"Dear Lord... I'm a DBA so please give me patience because, if you give me strength, I'm going to need bail money too!"

    Helpful Links:
    How to post code problems
    How to Post Performance Problems
    Create a Tally Function (fnTally)

  • ScottPletcher

    SSC Guru

    Points: 98555


    select
        right(space(12)+convert(varchar(20),cast([User_Info_Currency_1] as money),1), 12) as [Replacement Cost]
    from (
    values(
    523.88000),(
    60689.76000),(
    48860.26000),(
    77239.26000),(
    132227.26000),(
    65668.18000),(
    71523.34000)
    ) as EQSA0345(User_Info_Currency_1)

    SQL DBA,SQL Server MVP(07, 08, 09) Prosecutor James Blackburn, in closing argument in the Fatal Vision murders trial: "If in the future, you should cry a tear, cry one for them [the murder victims]. If in the future, you should say a prayer, say one for them. And if in the future, you should light a candle, light one for them."

  • chad 62627

    Old Hand

    Points: 330

    Jeff Moden - Thursday, January 3, 2019 10:07 PM

    Just so you know, FORMAT is an average of 44 times slower than cast or convert, Using 2 reversals isn't going to help performance there, either.

    You also don't want to use STR() for similar reasons.

    Yes, I'm aware it's much slower. But for my personal uses, speed wasn't an issue as I was only dealing with a couple thousand rows. I just wanted to post up my findings in case it might help someone else who was looking for a similar solution.

  • Jeff Moden

    SSC Guru

    Points: 997124

    chad 62627 - Tuesday, January 8, 2019 2:02 PM

    Jeff Moden - Thursday, January 3, 2019 10:07 PM

    Just so you know, FORMAT is an average of 44 times slower than cast or convert, Using 2 reversals isn't going to help performance there, either.

    You also don't want to use STR() for similar reasons.

    Yes, I'm aware it's much slower. But for my personal uses, speed wasn't an issue as I was only dealing with a couple thousand rows. I just wanted to post up my findings in case it might help someone else who was looking for a similar solution.

    You KNEW of the performance problem and posted it anyway? .

    --Jeff Moden


    RBAR is pronounced "ree-bar" and is a "Modenism" for Row-By-Agonizing-Row.
    First step towards the paradigm shift of writing Set Based code:
    ________Stop thinking about what you want to do to a ROW... think, instead, of what you want to do to a COLUMN.
    "Change is inevitable... change for the better is not".
    "Dear Lord... I'm a DBA so please give me patience because, if you give me strength, I'm going to need bail money too!"

    Helpful Links:
    How to post code problems
    How to Post Performance Problems
    Create a Tally Function (fnTally)

  • chad 62627

    Old Hand

    Points: 330

    Jeff Moden - Tuesday, January 8, 2019 6:45 PM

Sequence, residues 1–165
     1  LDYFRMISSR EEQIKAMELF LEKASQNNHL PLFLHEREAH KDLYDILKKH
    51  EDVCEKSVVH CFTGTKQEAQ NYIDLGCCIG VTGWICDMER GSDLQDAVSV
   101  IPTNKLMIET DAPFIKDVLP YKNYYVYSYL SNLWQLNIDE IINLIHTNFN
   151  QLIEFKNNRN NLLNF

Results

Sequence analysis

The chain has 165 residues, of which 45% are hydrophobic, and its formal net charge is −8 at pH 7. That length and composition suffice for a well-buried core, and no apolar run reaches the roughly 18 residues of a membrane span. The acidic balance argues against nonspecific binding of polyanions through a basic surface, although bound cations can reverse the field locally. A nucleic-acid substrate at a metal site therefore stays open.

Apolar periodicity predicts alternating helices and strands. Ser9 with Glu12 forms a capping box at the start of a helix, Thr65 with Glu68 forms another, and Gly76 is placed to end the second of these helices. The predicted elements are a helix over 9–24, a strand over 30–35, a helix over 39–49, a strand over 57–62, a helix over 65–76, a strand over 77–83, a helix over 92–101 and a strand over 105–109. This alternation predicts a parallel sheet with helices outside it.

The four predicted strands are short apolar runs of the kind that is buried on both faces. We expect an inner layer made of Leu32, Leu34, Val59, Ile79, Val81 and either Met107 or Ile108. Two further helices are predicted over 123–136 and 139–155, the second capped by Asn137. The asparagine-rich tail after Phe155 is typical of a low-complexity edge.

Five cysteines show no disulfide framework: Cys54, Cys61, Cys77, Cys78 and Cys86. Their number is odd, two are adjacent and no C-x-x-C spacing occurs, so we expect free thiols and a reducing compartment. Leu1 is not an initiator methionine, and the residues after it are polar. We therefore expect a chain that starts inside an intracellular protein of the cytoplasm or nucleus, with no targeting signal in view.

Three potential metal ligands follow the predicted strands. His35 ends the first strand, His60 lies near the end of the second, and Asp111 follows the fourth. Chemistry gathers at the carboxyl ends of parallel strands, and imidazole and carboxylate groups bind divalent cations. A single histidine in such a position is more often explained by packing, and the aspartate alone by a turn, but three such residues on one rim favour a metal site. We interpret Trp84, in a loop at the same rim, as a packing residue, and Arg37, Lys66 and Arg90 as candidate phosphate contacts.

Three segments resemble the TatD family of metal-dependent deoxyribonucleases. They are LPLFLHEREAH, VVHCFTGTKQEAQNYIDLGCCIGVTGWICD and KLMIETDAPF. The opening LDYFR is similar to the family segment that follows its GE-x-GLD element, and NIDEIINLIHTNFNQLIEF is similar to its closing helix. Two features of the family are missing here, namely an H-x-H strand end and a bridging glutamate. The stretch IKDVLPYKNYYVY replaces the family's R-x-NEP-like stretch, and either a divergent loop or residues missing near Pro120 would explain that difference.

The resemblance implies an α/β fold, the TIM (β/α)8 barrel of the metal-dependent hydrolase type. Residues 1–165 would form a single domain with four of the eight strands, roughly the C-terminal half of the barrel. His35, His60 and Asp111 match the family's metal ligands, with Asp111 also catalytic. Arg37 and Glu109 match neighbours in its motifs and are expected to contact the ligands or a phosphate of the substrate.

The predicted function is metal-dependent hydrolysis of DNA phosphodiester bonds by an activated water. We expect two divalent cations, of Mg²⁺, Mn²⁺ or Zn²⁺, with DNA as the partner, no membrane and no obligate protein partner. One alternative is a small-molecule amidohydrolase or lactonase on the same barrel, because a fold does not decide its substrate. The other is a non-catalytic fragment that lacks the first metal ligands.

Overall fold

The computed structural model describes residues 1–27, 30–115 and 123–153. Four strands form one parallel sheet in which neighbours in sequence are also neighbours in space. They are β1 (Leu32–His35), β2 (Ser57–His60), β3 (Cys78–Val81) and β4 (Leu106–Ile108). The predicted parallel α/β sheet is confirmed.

You KNEW of the performance problem and posted it anyway? .

    Yes, like I said, for my personal uses, it wasn't a problem. It's only a problem if you're using it on a large number of rows. I'm using this for a query I occasionally run to grab some quick statistics and it outputs a small number of rows..

    I'll edit my post and note the performance issue if it will make you happy as I probably should have noted it anyways 🙂

  • Jeff Moden

    SSC Guru

    Points: 997124

    chad 62627 - Wednesday, January 9, 2019 10:01 AM

    Jeff Moden - Tuesday, January 8, 2019 6:45 PM

    You KNEW of the performance problem and posted it anyway? .

    Yes, like I said, for my personal uses, it wasn't a problem. It's only a problem if you're using it on a large number of rows. I'm using this for a query I occasionally run to grab some quick statistics and it outputs a small number of rows..

    I'll edit my post and note the performance issue if it will make you happy as I probably should have noted it anyways 🙂

    I guess my point is... why would you write something that has a known performance issue just because you're using a smaller number of rows?  If you write enough of such code, then the system dies of a thousand cuts like the ones I've been fixing in the legacy code for the companies that I work for.

    If it's worth doing, it's worth doing right... all the time.

    --Jeff Moden


    RBAR is pronounced "ree-bar" and is a "Modenism" for Row-By-Agonizing-Row.
    First step towards the paradigm shift of writing Set Based code:
    ________Stop thinking about what you want to do to a ROW... think, instead, of what you want to do to a COLUMN.
    "Change is inevitable... change for the better is not".
    "Dear Lord... I'm a DBA so please give me patience because, if you give me strength, I'm going to need bail money too!"

    Helpful Links:
    How to post code problems
    How to Post Performance Problems
    Create a Tally Function (fnTally)